JANUARY 27, 2011
Most haunted house movies are rated PG or PG-13 (hell The Haunting is G!), so I didn’t think much of it when I saw that The Legend Of Hell House was an all ages affair. HH movies tend to be less violent, and folks are usually too scared (or snooty) to get it on, so as long as they speak with civilized tongues, a non-R rating doesn’t really matter. However, Hell House’s evil is partially based around insane orgies and the sort of debauchery Alistair Crowley might blush at, so maybe they should have just gone in that direction.
I mean, it’s fine to just talk about such things in theory, but Hell House was in dire need of elements that could help distinguish itself from The Haunting. I mean, four folks, one of whom is an unbalanced woman, are staying in a legendarily haunted house trying to uncover its secrets and rid it of its power, and its signature scary action involves pounding on doors. And it’s British. Sound familiar? At least with a bunch of crazy orgies and rituals on display, you could easily tell them apart.
As a result, we’re constantly being told everything instead of being shown it. The “villain” is a guy named Emeric Belasco (played by Michael Gough in an unbilled role), and we’re not only told about his various “pleasures”, but also that he liked to appear imposing, and thus had his own legs amputated and replaced with longer prosthetic ones. Awesome, right? Wouldn’t it be a lot more exciting to watch scenes with HIM instead of ones with the investigators just talking about it in between getting spooked by doors that open by themselves and what not? I’m all for the “what we DON’T see is scarier” approach, but not when we already have a superior film doing the exact same thing. Hell, there’s even a subplot about the main researcher’s wife getting taken over by the house’s power and throwing herself at Roddy McDowall’s character – but sadly nothing comes of it (she even apologizes to her husband – I’m like FOR WHAT?).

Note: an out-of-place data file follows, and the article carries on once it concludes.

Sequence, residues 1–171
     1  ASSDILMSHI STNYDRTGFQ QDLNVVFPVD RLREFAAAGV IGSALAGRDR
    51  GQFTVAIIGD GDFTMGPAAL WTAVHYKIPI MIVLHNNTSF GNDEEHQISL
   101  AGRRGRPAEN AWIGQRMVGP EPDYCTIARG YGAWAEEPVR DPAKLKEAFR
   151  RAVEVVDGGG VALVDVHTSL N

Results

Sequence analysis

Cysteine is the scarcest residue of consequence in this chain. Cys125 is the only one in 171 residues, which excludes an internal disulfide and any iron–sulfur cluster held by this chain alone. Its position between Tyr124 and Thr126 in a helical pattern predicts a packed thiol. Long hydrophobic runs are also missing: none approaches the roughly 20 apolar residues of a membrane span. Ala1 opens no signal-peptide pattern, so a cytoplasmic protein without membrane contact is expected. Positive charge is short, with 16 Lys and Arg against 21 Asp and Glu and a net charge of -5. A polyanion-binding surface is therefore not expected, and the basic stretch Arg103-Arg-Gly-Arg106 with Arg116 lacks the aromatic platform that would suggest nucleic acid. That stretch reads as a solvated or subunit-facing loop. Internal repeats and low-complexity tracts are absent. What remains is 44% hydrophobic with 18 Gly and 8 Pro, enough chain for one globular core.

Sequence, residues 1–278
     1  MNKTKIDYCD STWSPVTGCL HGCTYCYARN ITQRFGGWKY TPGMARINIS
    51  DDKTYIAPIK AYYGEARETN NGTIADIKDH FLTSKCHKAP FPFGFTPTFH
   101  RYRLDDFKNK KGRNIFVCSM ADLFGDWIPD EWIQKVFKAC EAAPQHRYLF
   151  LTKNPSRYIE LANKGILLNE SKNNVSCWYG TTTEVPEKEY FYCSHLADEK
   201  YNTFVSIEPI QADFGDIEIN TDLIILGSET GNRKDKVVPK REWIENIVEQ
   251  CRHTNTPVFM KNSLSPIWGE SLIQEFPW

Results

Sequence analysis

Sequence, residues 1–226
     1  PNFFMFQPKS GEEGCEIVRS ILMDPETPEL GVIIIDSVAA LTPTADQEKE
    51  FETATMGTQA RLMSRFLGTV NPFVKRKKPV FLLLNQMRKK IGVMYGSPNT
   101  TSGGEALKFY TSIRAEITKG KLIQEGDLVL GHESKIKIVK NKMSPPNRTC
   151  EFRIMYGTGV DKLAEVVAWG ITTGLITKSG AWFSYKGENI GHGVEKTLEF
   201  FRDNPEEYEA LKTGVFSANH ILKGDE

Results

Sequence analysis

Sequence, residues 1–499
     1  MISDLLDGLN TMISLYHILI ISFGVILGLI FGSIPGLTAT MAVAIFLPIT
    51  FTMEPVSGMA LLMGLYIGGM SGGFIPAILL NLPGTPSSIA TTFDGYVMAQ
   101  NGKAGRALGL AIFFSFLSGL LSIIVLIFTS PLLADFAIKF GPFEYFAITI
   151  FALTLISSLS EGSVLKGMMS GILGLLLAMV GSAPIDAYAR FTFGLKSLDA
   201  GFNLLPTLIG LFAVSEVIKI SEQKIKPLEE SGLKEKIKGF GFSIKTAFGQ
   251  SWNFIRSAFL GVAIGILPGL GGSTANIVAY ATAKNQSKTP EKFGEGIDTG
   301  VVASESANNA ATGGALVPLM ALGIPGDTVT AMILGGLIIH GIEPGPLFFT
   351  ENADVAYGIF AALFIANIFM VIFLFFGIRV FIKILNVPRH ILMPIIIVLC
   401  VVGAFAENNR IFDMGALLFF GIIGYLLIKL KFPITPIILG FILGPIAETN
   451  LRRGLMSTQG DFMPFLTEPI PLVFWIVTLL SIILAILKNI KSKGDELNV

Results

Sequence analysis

However I must consider that I’m not a big haunted house movie fan, and so otherwise, I suppose it’s an entertaining film that HH devotees will probably really dig. The buildup to the house is done quite well – they don’t waste too much time getting there but they DO withhold the opening titles until we see the house – unusual for the period, which rarely had any sort of “prologue”. John Hough’s direction is also somewhat atypical, favoring unusual close-ups and low angled shots. The house’s interior isn’t anything special, looking like pretty much every other British horror movies of the 70s, but the direction makes up for it.
And you gotta love McDowall, who appears as a medium who doesn’t seem interested in doing any medium-ing, but is rather just there to collect the money. Seems he was the only survivor of a previous investigation and thus has a “psychic shield” of sorts keeping the evil of the house from getting to him. His big showdown with the “ghost” is amazing, with Roddy shouting rather weak insults at it and getting tossed around by occasionally visible wires. He’s also got these horrible/awesome fishbowl eyeglasses that just make him even more amusing to watch. Bless that dude.
In fact, aside from the possible backlash of recasting his role (for obvious reasons), I would welcome a prequel to the story that showed what happened to his character during that previous investigation, one that could theoretically showcase in detail the stuff that Belasco was up to back when he was alive. Guess it’s kind of late for that, but writer Richard Matheson is still alive/working, so if he was game I’m sure it would be an interesting endeavor. I’m also baffled why this hasn’t been remade when every other classic haunted house movie (House on Haunted Hill, The Haunting, etc) HAS. This is the one that’s flawed! Silly Hollywood.
Final note – if I ever write the HMAD movie, it will be a haunted house tale and be titled “The Haunting Legend of Hell House Of Wax On Haunted Hill”. So don’t steal it. PATENT PENDING.
What say you?